I think "pretend as if everyone runs UDT" was neither intentioned by Wei Dei nor is it a good idea.
Differently put, UDT agents don't cooperate in a one-shot prisoner's dilemma if they play vs. CDT agents.

Also: if a couple of people stockpile food, but most people don't, that seems like a preferable outcome to everyone doing nothing (provided stockpiling food is worth doing). It means some get to prepare, and the food market isn't significantly affected. So this particular situation actually doesn't seem to be isomorphic to the prisoner's dilemma (if modeled via game theory).

Comment by sil-ver on Quarantine Preparations · 2020-02-25T12:11:04.943Z · score: 6 (4 votes) · LW · GW

The advice of this post seems to be advice on the margin (i.e., assuming everything else is held constant), which seems reasonable given that this one post won't change collective behavior by much.

So the question isn't "what happens if everyone stockpiles food?" but rather, "do we expect enough people to stockpile food that stockpiling more food will lead to bad consequences?". I don't know the answer to that one.

Comment by sil-ver on UML XI: Nearest Neighbor Schemes · 2020-02-17T08:26:38.480Z · score: 1 (1 votes) · LW · GW

That sounds interesting. Can you share an example other than decision trees?

Comment by sil-ver on When None Dare Urge Restraint · 2020-02-15T17:36:34.440Z · score: 1 (1 votes) · LW · GW

I'm not sure EY meant to imply that the response is factually correct. Smarter-than-expected could just mean "not a totally vapid applause light." A wrong but genuine response could meet that standard.

Comment by sil-ver on UML VIII: Linear Predictors (2) · 2020-02-13T17:24:04.542Z · score: 2 (2 votes) · LW · GW

It's supposed to be inf (the infimum). Which is the same as the minimum whenever the minimum exists, but sometimes it doesn't exist.

Suppose is , i.e. and the point is 3. Then the set doesn't have a smallest element. Something like is pretty close but you can always find a pair that's even closer. So the distance is defined as the largest lower-bound on the set , which is the infimum, in this case 2.

Comment by sil-ver on A Simple Introduction to Neural Networks · 2020-02-10T22:55:17.146Z · score: 7 (4 votes) · LW · GW

Okay – since I don't actually know what is used in practice, I just added a bit paraphrasing your correction (which is consistent with a quick google search), but not selling it as my own idea. Stuff like this is the downside of someone who is just learning the material writing about it.

Comment by sil-ver on A Simple Introduction to Neural Networks · 2020-02-10T08:31:28.940Z · score: 4 (2 votes) · LW · GW
What's the "ℓ"? (I'm unclear on how one iterates from L to 2.)

is the number of layers. So if it's 5 layers, then . It's one fewer transformation than the number of layers because there is only one between each pair of layers.

Absolute value, because bigger errors are quadratically worse, it was tried and it worked better, or tradition?

I genuinely don't know. I've wondered forever why squaring is so popular. It's not just in ML, but everywhere.

My best guess is that it's in some fundamental sense more natural. Suppose you want to guess a location on a map. In that case, the obvious error would be the straight-line distance between you and the target. If your guess is and the correct location is , then the distance is – that's just how distances are computed in 2-dimensional space. (Draw a triangle between both points and use the Pythagorean theorem.) Now there's a square root, but actually the square root doesn't matter for the purposes of minimization – the square root is minimal if and only if the thing under the root is minimal, so you might as well minimize . The same is true in 3-dimensional space or -dimensional space. So if general distance in abstract vector spaces works like the straight-line distance does in geometric space, then squared error is the way to go.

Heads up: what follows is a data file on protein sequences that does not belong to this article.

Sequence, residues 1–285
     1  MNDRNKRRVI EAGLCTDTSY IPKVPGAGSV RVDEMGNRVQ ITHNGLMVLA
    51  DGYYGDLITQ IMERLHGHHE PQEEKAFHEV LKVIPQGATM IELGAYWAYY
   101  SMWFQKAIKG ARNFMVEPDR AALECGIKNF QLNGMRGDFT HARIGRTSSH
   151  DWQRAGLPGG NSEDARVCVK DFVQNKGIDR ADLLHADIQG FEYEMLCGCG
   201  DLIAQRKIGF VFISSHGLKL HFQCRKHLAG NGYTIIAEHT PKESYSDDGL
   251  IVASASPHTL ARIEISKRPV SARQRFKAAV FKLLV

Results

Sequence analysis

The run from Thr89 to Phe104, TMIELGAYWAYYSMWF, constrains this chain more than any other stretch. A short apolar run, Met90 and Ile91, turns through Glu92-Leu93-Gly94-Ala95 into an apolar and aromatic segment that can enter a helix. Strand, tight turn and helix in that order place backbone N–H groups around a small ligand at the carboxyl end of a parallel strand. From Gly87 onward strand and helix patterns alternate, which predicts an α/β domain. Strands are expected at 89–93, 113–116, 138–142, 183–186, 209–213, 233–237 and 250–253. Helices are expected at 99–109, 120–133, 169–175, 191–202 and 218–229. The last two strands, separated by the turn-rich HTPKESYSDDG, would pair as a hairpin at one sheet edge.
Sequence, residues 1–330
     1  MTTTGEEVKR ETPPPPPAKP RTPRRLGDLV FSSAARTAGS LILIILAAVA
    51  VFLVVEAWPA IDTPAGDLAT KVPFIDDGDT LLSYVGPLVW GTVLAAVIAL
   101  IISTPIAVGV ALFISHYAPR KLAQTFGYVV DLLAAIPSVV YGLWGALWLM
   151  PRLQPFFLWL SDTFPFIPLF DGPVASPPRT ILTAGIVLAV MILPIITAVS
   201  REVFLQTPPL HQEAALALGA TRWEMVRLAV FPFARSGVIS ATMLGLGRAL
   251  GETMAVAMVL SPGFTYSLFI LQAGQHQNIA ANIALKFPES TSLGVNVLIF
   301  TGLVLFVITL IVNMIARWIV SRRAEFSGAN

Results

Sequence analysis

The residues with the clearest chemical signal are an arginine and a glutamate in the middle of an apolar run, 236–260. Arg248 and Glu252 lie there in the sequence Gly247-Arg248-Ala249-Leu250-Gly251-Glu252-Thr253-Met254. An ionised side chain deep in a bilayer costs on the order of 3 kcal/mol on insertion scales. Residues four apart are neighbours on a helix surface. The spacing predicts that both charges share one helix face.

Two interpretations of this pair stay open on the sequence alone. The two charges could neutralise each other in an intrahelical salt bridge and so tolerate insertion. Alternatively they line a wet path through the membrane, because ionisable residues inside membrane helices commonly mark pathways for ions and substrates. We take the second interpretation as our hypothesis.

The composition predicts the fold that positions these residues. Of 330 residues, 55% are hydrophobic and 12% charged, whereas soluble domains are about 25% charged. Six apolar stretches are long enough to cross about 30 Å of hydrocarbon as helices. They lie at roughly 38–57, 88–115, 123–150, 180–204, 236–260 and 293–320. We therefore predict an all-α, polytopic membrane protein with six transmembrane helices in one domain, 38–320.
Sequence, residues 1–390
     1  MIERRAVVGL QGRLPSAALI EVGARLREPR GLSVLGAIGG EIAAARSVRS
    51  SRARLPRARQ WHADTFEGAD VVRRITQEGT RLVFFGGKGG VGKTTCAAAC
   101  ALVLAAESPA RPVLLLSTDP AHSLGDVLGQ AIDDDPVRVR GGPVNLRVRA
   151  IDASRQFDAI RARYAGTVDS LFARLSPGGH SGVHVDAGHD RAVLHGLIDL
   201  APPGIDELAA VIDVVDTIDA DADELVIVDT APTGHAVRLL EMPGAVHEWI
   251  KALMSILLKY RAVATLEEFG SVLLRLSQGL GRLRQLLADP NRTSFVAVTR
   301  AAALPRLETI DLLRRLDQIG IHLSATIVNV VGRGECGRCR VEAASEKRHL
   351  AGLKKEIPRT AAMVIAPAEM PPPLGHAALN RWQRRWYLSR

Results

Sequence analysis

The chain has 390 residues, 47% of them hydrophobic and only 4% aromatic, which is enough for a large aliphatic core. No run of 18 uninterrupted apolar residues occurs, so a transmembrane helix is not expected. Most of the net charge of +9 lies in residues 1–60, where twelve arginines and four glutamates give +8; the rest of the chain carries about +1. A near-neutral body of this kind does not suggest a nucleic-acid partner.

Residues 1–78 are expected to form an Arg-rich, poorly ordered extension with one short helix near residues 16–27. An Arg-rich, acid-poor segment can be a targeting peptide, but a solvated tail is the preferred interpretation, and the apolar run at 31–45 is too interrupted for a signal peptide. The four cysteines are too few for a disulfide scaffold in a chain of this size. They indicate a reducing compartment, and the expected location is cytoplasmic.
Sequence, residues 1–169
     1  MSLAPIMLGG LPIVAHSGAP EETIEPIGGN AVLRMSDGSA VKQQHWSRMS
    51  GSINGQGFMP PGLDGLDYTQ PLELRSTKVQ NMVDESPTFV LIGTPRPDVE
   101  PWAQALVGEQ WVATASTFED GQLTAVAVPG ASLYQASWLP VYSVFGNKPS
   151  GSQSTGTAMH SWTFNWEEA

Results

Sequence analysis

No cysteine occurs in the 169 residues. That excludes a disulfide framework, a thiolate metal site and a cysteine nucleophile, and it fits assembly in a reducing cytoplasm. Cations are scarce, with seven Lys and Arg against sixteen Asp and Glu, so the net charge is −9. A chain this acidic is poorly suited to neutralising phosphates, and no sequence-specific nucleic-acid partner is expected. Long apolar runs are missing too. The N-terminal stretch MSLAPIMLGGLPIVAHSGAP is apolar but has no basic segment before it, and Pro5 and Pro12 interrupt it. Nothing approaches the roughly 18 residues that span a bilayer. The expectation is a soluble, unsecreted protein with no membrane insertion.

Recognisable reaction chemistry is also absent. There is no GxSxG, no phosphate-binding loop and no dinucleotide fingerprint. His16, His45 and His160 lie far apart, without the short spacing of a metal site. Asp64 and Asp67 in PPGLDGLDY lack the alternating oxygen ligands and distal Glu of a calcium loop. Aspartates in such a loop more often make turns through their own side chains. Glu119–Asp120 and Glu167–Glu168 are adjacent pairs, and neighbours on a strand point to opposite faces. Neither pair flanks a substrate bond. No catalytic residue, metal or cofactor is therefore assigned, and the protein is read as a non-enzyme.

Also, thanks :)

Comment by sil-ver on Some quick notes on hand hygiene · 2020-02-09T10:02:23.935Z · score: 2 (2 votes) · LW · GW

Good post. I would actually argue that the cost of many second activities is much lower than the cost of one block of seconds, because taking small breaks in between work isn't zero value.

Comment by sil-ver on Some quick notes on hand hygiene · 2020-02-06T15:21:20.148Z · score: 1 (1 votes) · LW · GW
Have you been doing something that puts stuff on you hands that is no already spread everywhere you are and will touch or for some reason has caused a significantly higher concentration on your hands versus the environment?

Don't think so.

Bite your fingernails, or stick you fingers, hands on/in you mouth a lot? Stop or be aware of what you've been touching since the last cleaning.

That's not at all practical, though. Changing a habit such as biting fingernails is extremely difficult, and definitely not worth it to reduce the risk of getting a virus.

Comment by sil-ver on Meta-Preference Utilitarianism · 2020-02-06T11:28:01.023Z · score: 1 (1 votes) · LW · GW

To make Wei Dai's answer more concrete, suppose something like the symmetry theory of valence is true; in that case, there's a crisp, unambiguous formal characterization of all valence. Then add open individualism to the picture, and it suddenly becomes a lot more plausible that many civilizations converge not just towards similar ethics, but exactly identical ethics.